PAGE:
Strategies for introducing common food allergens

Baby may be afraid of loud noises, the drain in the bathtub, or that one teddy bear that gives them some side-eye, but there’s a good chance that, as they get ready to start trying solid foods, it’s the idea that they might have a food allergy that’s haunting their parents.

Any food can cause a food allergy, but, luckily for all the nervous parents out there, most of them usually don’t. In fact, of all of the millions of types of foods in the world, 90% of food allergies are caused by the same six foods: cow’s milk, eggs, peanuts, tree nuts, soy, wheat, and gluten.

These common allergens mean that while allergies can develop at any time, there are really only six big introductions that tend to make parents nervous. Medical advice used to recommend that common allergens not be introduced to babies until they reached early toddlerhood, but research over the past few years suggests that delaying introducing common allergens doesn’t do anything to reduce the risk of allergies.

In fact, in some cases, particularly eggs and peanuts, there is some evidence that introducing these foods earlier can actually reduce the risk of allergies.

Introducing common allergens

Current medical recommendations suggest beginning to introduce common allergens like milk, eggs, soy, wheat, peanuts, and tree nuts at around the same time that all other solids are introduced. This can happen when your baby is around 6 months old, and showing signs of being ready for solids. These signs include holding their head up on their own, showing an interest in food, being able to swallow food from a spoon, and having approximately doubled their birth weight.

There’s no specific set of rules for introducing highly allergenic foods, but there are certain guidelines for safe introduction.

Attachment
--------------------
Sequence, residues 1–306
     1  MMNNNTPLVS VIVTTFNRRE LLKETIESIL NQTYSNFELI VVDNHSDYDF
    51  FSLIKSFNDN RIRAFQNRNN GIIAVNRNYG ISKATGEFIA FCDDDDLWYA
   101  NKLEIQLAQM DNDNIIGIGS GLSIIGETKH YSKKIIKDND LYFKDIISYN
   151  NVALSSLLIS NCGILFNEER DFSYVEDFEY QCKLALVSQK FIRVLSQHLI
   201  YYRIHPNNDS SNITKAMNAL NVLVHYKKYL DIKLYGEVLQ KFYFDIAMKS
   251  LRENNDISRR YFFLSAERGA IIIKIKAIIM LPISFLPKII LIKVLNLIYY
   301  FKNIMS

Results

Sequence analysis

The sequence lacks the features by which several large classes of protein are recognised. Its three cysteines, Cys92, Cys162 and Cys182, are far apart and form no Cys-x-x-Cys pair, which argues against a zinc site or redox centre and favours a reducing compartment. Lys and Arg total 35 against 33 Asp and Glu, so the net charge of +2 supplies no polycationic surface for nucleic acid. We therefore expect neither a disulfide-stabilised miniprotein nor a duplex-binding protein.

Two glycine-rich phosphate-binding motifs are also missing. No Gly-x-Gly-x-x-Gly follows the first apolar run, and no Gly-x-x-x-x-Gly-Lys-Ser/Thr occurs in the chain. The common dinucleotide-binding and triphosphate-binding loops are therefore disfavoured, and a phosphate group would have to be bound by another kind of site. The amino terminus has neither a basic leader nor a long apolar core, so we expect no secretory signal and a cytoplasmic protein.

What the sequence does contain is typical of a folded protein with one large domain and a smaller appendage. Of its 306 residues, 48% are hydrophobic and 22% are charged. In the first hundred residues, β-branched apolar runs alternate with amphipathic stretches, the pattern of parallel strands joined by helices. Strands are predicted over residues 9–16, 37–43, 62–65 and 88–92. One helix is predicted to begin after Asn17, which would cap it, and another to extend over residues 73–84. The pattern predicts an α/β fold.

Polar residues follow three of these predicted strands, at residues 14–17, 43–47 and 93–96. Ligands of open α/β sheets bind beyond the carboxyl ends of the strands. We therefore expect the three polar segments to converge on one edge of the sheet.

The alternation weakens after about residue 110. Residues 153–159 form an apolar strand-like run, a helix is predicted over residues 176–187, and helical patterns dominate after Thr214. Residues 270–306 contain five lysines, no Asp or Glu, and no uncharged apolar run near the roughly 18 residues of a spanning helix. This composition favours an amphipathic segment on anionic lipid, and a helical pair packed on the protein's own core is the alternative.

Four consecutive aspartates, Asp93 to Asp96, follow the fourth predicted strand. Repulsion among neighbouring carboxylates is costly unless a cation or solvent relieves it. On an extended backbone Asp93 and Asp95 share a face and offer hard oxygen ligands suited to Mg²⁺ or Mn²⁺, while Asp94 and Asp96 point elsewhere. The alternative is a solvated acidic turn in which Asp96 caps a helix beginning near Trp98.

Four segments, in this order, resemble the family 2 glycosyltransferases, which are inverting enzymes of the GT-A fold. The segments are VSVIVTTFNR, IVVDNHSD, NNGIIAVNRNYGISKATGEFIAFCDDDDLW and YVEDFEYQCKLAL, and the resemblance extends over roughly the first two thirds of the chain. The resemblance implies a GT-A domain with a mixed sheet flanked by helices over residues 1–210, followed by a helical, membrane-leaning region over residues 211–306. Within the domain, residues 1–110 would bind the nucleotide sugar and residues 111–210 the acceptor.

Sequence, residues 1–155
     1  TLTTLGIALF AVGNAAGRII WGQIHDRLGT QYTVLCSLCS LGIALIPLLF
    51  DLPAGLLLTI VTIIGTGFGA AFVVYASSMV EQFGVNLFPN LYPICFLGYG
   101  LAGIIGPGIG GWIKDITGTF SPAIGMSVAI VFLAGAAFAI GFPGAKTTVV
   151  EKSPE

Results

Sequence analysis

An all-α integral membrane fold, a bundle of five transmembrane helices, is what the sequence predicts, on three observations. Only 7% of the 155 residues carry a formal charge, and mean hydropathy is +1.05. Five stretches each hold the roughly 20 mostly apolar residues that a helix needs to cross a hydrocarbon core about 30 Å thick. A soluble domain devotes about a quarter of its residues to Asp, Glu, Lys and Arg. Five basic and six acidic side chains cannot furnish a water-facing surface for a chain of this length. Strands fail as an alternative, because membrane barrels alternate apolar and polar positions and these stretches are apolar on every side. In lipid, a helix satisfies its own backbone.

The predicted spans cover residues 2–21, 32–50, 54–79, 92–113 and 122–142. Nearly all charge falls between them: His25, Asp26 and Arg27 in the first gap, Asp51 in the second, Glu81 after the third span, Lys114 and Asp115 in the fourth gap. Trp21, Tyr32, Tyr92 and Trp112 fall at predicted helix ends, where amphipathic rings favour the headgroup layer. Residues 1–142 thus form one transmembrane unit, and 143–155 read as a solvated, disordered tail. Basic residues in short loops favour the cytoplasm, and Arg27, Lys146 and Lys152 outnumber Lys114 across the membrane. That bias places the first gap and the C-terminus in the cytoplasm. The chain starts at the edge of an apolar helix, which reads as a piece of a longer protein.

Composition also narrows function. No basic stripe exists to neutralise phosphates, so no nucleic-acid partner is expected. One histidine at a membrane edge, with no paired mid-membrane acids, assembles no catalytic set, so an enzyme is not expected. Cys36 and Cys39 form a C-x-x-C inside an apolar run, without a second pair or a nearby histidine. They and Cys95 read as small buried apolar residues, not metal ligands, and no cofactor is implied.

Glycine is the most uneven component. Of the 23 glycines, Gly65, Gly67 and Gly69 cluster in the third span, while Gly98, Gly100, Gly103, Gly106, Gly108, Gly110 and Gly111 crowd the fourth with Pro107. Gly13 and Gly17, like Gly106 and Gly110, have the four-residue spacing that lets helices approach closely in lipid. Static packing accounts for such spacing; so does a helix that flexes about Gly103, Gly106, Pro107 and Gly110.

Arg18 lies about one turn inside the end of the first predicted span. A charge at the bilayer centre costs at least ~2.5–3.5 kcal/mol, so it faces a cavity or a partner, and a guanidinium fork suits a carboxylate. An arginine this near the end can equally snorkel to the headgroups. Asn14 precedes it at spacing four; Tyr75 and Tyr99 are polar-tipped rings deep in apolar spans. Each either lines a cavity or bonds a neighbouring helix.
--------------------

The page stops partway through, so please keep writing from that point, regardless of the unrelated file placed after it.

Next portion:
• Pace yourself: One of the most important strategies for introducing common allergens is to introduce only one new one per week, so that if your baby does have an allergic reaction, you’ll be able to tell what caused it. Since babies often don’t have allergic reactions at the first exposure to an allergen, waiting a week gives you the chance do a few exposures.
  • Be vigilant: If your baby comes from a family history or genetic background of food allergies, respiratory allergies, or eczema, they have a higher chance of developing a food allergy than children who do not. That isn’t necessarily an indication of a certain type of allergy, though – while some allergies, like egg and peanut allergies, seem to have specific genetic component, it’s also totally possible for a baby to inherit a tendency towards food allergies, and end up with an allergy to a different type of food.
  • Be selective: It’s a good idea to introduce highly allergenic foods early as a way of beginning to build a balanced, varied diet, but there are still some foods it’s important to wait on for a little while. Whole milk shouldn’t be introduced until your child is at least a year old, since younger babies’ kidneys aren’t ready to easily digest some of the proteins and minerals in cow’s milk. When introducing peanuts and tree nuts, it should be as a paste or “butter,” since whole and crushed nuts can be choking hazards.

Introducing your baby to solid foods should be a fun experience for both of you. Introducing allergenic foods can be stressful, but doing so gradually and thoughtfully can help to take a lot of the uncertainty out of the process.

If your child does show signs of an allergic reaction, including hives, itching, rashes, congestion, diarrhea, vomiting, or abdominal pain, contact their pediatrician. If they have swelling of the face, mouth, or tongue, or is having trouble breathing, call 911 or your local emergency services number right away.


  • Francis Collins. “Peanut Allergies: Prevention by Early Exposure.” National Institutes of Health. U.S. Department of Health and Human Services, March 3 2015. Web.
  • Gary G. K. Wong. “Preventing Food Allergy in Infancy – Early Consumption or Avoidance?” New England Journal of Medicine. 374: 1783-1784. Web. May 5 2016.
  • “Allergic reactions.” MedlinePlus. U.S. National Library of Medicine, 5 January 2017. Web.
  • “Common Food Allergies.” HealthyChildren. American Academy of Pediatrics, November 21 2015. Web.
  • “Introducing Highly Allergenic Solid Foods.” AAAAI. American Academy of Allergy Asthma and Immunology. Web.
  • “Starting Solid Foods.” HealthyChildren. American Academy of Pediatrics, February 1 2012. Web.
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